AUSTIN, Texas —
Imagine being alive and well–and then getting a notification that you’re dead. It happened to one Texas woman, and it took months for her life to get back to normal.
Barbara Kleinschmidt was “killed” electronically. She says she lived for months without access to her bank accounts and credit.
“You’re telling me I can’t get my money, you closed my credit accounts, but I am alive?” recalls Kleinschmidt.
When she called the Social Security office, Kleinschmidt says she was told someone, possibly a coroner or funeral director, faxed in a document listing her as deceased. They would not give her any further information.
She even got a letter from her bank, addressed to “The estate of Barbara Kleinschmidt” that asked her family to accept condolences for their loss.
Kleinschmidt says she got depressed and confused.
“I didn’t want to live, because I just didn’t know where, because it was hard for me to know what was going on,” she remembers.
Kleinschmidt believes someone she knows may be behind her digital death.
When we called the Social Security office, we were told Kleinschmidt was listed as deceased for nearly a year.
A representative wouldn’t tell us how the mistake happened, only that it could be due to something as simple as a typing error by an employee or someone else with access to the Social Security Administration’s Death Master File. Coroners, doctors, even credit unions, have access to it.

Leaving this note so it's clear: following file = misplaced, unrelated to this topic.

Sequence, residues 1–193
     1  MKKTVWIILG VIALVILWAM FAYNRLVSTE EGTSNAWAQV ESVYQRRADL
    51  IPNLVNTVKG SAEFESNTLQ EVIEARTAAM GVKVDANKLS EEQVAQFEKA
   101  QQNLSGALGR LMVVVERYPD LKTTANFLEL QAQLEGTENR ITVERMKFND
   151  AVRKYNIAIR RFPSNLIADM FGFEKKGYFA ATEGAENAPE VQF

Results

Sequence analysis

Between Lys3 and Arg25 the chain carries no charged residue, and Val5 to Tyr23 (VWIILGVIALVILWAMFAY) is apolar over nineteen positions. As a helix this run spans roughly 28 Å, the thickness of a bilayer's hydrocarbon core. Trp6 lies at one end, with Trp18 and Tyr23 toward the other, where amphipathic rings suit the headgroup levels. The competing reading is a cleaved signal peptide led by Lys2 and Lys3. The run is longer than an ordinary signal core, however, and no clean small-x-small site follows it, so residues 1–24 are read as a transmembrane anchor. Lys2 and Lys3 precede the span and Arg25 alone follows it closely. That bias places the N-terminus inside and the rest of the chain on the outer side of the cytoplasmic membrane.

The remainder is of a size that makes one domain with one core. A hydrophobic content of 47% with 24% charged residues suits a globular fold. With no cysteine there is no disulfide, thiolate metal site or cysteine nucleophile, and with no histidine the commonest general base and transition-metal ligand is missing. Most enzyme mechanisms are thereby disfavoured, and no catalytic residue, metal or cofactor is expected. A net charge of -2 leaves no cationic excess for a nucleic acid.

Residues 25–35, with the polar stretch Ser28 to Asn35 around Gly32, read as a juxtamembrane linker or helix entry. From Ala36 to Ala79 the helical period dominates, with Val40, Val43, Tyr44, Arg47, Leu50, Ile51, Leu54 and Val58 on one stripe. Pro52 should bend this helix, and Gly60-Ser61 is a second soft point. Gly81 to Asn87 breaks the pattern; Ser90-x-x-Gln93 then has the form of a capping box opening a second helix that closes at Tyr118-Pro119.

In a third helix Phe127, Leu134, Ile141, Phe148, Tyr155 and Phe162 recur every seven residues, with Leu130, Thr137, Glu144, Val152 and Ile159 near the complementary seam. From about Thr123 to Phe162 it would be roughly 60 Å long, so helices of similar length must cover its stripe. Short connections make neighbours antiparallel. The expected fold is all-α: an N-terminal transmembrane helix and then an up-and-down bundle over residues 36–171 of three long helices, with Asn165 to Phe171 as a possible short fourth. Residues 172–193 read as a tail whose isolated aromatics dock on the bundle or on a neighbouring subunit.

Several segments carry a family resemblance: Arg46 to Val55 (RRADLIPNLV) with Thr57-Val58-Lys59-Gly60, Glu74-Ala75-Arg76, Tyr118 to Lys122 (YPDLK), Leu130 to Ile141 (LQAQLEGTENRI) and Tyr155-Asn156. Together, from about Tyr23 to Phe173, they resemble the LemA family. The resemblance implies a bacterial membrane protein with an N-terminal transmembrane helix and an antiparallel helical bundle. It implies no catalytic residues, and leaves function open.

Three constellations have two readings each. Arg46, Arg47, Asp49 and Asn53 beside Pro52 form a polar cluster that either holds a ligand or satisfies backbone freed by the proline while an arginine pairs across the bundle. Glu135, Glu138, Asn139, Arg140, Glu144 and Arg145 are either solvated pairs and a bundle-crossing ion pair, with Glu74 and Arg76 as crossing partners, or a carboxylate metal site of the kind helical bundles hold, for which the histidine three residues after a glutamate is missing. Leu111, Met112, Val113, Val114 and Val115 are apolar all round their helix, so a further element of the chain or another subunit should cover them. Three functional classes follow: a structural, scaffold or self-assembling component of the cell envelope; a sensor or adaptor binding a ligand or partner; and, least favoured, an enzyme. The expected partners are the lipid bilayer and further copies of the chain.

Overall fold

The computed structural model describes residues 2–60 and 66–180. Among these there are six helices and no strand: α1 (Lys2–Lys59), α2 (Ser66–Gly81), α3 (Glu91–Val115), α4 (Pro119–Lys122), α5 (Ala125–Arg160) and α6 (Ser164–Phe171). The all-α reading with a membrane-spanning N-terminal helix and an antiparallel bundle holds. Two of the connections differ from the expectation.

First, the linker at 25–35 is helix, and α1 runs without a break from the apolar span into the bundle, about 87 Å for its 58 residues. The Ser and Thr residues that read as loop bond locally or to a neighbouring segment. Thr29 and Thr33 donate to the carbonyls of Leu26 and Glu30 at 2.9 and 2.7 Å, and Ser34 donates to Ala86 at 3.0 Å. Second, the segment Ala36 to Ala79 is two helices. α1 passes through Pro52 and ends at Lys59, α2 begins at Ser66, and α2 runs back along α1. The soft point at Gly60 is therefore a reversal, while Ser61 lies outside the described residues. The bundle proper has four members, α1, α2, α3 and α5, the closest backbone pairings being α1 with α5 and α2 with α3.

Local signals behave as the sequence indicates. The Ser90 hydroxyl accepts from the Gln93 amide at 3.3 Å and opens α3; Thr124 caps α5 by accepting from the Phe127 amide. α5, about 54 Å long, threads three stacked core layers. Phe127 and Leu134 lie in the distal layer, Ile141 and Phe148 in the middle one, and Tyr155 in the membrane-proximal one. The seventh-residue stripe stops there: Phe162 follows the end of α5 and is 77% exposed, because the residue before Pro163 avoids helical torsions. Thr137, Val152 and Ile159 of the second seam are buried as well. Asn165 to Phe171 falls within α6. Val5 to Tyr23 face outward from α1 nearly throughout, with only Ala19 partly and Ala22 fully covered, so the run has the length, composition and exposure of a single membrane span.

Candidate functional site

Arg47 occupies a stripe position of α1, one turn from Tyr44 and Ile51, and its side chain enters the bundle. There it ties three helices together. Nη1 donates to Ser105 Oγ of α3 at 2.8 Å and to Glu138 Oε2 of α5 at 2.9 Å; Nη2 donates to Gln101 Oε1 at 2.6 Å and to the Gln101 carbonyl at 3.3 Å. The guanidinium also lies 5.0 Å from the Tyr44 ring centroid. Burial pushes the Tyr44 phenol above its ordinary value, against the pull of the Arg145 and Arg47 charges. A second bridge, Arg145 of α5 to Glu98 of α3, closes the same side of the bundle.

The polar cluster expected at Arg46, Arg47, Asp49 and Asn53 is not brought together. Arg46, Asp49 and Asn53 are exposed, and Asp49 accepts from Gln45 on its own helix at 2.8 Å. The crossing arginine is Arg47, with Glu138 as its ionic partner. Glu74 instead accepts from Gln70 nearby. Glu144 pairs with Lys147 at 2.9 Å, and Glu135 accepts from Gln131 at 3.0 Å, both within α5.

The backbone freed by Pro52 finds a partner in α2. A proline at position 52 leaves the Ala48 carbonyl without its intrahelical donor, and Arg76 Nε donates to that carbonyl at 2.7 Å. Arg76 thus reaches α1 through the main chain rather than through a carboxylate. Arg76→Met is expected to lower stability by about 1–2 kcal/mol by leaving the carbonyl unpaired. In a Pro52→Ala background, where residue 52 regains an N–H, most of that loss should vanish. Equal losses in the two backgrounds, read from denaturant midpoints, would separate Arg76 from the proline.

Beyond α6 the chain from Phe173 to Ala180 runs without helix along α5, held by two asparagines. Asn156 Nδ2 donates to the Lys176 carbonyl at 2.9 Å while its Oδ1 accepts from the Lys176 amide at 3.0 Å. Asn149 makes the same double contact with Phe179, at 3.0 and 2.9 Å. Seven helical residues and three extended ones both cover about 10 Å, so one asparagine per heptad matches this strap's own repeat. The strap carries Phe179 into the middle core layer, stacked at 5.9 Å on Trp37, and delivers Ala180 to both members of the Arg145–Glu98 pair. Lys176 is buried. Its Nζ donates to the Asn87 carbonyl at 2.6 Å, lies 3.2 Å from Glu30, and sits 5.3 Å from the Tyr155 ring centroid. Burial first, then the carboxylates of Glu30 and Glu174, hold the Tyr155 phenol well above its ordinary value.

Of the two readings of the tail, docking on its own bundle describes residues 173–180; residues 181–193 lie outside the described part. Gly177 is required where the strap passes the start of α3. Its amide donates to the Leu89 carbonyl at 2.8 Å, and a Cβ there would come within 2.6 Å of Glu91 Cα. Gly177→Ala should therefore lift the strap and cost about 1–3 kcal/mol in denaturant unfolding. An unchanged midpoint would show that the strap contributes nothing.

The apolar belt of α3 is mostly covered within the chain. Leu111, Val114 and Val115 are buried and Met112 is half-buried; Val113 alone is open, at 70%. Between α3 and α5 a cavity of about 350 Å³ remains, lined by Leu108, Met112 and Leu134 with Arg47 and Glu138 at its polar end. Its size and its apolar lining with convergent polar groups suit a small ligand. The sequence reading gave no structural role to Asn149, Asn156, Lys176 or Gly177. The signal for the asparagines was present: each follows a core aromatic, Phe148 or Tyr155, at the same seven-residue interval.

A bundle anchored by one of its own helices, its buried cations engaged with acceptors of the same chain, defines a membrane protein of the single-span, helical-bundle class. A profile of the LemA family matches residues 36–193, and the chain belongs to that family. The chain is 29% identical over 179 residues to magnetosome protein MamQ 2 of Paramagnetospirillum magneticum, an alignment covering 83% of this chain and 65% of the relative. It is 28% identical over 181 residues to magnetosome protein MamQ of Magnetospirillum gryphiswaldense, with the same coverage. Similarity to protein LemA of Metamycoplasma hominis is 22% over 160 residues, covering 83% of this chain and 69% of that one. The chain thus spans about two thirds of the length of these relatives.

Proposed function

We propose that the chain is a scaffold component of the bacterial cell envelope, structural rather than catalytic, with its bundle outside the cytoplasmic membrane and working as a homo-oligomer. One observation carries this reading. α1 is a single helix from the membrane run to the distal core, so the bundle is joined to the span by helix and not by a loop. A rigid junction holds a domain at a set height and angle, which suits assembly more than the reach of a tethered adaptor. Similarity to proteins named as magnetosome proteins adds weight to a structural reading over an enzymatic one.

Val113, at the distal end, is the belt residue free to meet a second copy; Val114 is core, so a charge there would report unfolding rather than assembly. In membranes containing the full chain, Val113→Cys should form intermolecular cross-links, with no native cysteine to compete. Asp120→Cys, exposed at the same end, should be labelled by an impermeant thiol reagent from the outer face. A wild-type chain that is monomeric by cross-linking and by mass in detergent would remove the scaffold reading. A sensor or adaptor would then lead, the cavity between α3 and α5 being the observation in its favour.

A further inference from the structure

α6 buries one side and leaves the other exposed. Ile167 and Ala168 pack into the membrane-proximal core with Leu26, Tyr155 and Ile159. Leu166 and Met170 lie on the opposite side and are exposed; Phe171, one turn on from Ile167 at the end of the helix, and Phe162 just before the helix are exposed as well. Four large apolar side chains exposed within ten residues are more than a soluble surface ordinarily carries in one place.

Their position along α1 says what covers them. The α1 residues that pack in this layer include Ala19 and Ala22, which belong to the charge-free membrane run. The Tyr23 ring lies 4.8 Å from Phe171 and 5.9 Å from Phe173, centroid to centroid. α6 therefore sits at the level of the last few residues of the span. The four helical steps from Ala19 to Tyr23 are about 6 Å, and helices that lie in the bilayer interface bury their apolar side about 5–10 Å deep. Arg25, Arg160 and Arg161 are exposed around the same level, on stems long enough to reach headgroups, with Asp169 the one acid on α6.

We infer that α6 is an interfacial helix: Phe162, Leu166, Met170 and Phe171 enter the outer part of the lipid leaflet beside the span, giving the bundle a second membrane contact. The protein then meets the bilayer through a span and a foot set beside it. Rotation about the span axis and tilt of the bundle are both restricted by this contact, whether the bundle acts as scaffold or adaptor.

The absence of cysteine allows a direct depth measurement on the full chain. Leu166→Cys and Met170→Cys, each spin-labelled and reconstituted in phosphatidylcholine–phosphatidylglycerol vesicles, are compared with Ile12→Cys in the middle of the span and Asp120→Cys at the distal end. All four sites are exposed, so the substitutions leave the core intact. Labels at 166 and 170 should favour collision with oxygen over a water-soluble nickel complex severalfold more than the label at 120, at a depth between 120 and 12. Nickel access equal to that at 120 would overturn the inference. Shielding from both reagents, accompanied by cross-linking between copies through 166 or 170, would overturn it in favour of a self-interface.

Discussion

“It’s very problematic,” said Shawn McCleskey, a retired Secret Service agent and Director of Organizational Education and Measurement at the University of Texas at Austin Center for Identity.
McCleskey says more needs to be done to determine who’s who.
“How much diligence do they, in fact, do to verify if that person is in fact the person who should be submitting the documents?” wondered McCleskey.
He says many agencies don’t have the time or money to be as thorough as they should be.
While Texas’ system seems pretty secure, so-called “master hacker” Chris Rock tells KEYE TV the system is only as strong as its weakest link.
Rock presented at hacker convention Def Con on the weakness of the electronic death registration system. He was able to get into the electronic death registration system in four states. A Texan could be declared dead in any of them.
According to Rock, people can easily pose as doctors or funeral directors. He calls it a fatal flaw in the system. In some states, all it takes to set up an account is a doctor’s name, address and medical license number. A basic internet search can often yield that information.
And McCleskey says Kleinschmidt’s theory about her “death” being a personal attack might ring true. He’s seen people steal identities not for financial gain, but for public humiliation.
“If you just want to cause someone some real grief, have them declared dead,” said McCleskey. “That would be. Talk about, what this woman is experiencing, a real nightmare.”
Kleinschmidt says her main concern now is making sure her nightmare doesn’t happen to someone else.
“People are looking at me like I’m still dead,” said Kleinschmidt.